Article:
Tuesday’s New York Times article, “Psychologists Open a Window on Brutal Interrogations,” reminds us of what Sen. Richard Burr would like us to forget.
Since he became chair of the Intelligence Committee, it has been Burr’s goal to bury America’s post-9/11 torture program. But the Times gave us an extraordinary glimpse into a landmark trial that is helping keep memory alive – and may finally provide a few CIA torture victims with a day in court.
Burr’s whitewashing campaign should alarm North Carolinians, and indeed all Americans, regardless of political persuasion. Especially now, we need to understand how and why America got lost in the cruel and costly morass of torture, and just how our state played an indispensable role.
In his crusade to undermine and deep-six his committee’s report on CIA torture, Burr found disturbing agreement from the Obama White House. Former President Barack Obama backed the CIA’s obstructionism during the struggle over declassifying the executive summary of the 6,700-page report. That 500-page summary was finally made public in December 2014 and reached a very damning conclusion on the CIA’s failed tactics, but the full report remains classified.
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When he took the helm of Senate Intelligence in early 2015, Burr sought to recall every copy of the full, unredacted “torture report.” Sen. Dianne Feinstein had given it to the State Department, Justice Department, FBI, CIA and White House – imploring them to read the analysis of damaging abuses and learn from it.
Now Burr, who has called the torture report a “footnote in history,” has an even more active ally in the Trump White House for his whitewashing mission. From running to bring back torture to appointing a former CIA black site overseer as that agency’s No. 2, President Donald Trump has repeatedly promoted torture. Whether or not he truly sees it as a valid national security tool, Trump finds torture a useful rallying cry.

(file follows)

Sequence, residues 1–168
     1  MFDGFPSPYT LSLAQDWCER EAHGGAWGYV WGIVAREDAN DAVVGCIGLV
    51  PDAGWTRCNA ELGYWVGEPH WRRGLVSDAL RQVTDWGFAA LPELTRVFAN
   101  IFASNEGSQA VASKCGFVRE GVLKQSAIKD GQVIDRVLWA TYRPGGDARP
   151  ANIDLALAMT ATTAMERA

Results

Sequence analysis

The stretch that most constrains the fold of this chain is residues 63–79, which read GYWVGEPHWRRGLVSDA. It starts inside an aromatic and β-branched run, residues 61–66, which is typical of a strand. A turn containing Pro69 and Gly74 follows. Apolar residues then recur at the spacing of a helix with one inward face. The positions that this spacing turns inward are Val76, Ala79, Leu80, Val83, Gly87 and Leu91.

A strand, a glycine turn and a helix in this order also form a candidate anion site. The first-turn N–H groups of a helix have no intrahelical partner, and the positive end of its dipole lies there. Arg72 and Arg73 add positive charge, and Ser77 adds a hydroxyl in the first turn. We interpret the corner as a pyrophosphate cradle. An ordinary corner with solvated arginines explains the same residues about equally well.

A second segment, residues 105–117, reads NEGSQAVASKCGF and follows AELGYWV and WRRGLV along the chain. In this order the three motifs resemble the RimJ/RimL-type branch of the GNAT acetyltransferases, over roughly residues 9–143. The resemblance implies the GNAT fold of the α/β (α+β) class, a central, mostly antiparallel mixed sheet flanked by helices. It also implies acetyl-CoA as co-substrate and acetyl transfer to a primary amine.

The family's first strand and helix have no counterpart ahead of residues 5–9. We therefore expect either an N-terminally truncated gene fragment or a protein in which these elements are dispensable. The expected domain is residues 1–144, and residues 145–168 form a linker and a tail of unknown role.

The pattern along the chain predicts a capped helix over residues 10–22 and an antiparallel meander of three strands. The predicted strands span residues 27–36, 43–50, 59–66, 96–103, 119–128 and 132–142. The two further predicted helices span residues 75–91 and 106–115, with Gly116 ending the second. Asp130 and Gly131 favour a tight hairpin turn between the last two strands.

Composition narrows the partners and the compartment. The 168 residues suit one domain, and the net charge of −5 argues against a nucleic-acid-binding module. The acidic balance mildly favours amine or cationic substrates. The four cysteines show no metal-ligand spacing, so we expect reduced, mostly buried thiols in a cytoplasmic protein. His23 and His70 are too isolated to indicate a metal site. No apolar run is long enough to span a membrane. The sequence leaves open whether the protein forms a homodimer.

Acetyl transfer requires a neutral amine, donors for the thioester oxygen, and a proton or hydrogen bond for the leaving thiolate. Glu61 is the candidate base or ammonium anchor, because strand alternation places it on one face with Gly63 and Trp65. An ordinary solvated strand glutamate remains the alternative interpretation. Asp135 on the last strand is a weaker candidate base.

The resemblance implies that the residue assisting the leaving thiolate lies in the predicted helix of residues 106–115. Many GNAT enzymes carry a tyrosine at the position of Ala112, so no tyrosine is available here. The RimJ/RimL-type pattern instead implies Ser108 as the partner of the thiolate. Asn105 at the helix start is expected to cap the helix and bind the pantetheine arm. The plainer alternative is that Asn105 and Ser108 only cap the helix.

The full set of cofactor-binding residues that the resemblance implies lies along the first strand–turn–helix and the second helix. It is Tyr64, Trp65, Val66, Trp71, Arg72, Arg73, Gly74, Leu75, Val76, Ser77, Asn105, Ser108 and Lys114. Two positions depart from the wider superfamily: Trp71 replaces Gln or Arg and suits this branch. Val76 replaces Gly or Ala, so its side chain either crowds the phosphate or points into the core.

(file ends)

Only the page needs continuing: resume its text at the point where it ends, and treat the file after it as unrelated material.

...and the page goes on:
Earlier this month, Burr got his wish, and another big step was taken toward erasing national memory: Almost all the executive agencies returned their copies of the full torture report to him. Like the detainees who vanished and turned up in secret CIA black sites, the torture report could disappear. If no executive agency has a copy, the Freedom of Information Act is irrelevant – it doesn’t apply to congressional documents.
Burr also refuses to hold hearings on the abuses described in the report, which are his duty as chair of the only congressional body that oversees the CIA. Memory fades without oversight.
Let’s be clear: During the more than two years they had the torture report, Obama’s agencies all said they didn’t open it, let alone learn from it. They had ample time to study the Senate’s conclusions and seek accountability as required by law. But the White House’s message was strong: The U.S. was to look only forward, not backward, when it came to torture.
Experts have documented how U.S. torture has hurt our international influence, helped terrorists recruit and encouraged other governments to claim they are just following America’s lead by abusing human rights.
The people of North Carolina are ill-served by Burr’s torture cover-up. There is strong evidence our public airports were essential to the CIA’s program. Dozens of people, detained abroad, were transported aboard planes based in Kinston and Smithfield to overseas prisons, where they were interrogated using torture. As taxpayers and citizens, we deserve to know the truth about our state’s role, and to understand the costs and consequences.
Thankfully, efforts are underway to achieve this goal. The nongovernmental North Carolina Commission of Inquiry on Torture (www.nccit.org) is filling a vacuum. The commission is gathering everything in the public record about the role N.C. facilities, companies and institutions played in the post-9/11 U.S. torture program. The commission is asking local and national governments to supply records that aid its inquiry.
Later this year, it will hold public hearings in Raleigh. World experts on rendition, torture, national security and the law will testify.
Torture is illegal and immoral. It is much too serious a matter for us to allow its erasure from our collective memory. We have to learn from this sad history in order to avoid repeating it.
Ellie Kinnaird is a former state senator from District 23 and the former mayor of Carrboro. Hodding Carter is a former U.S. Assistant Secretary of State and a retired public policy professor at UNC-Chapel Hill.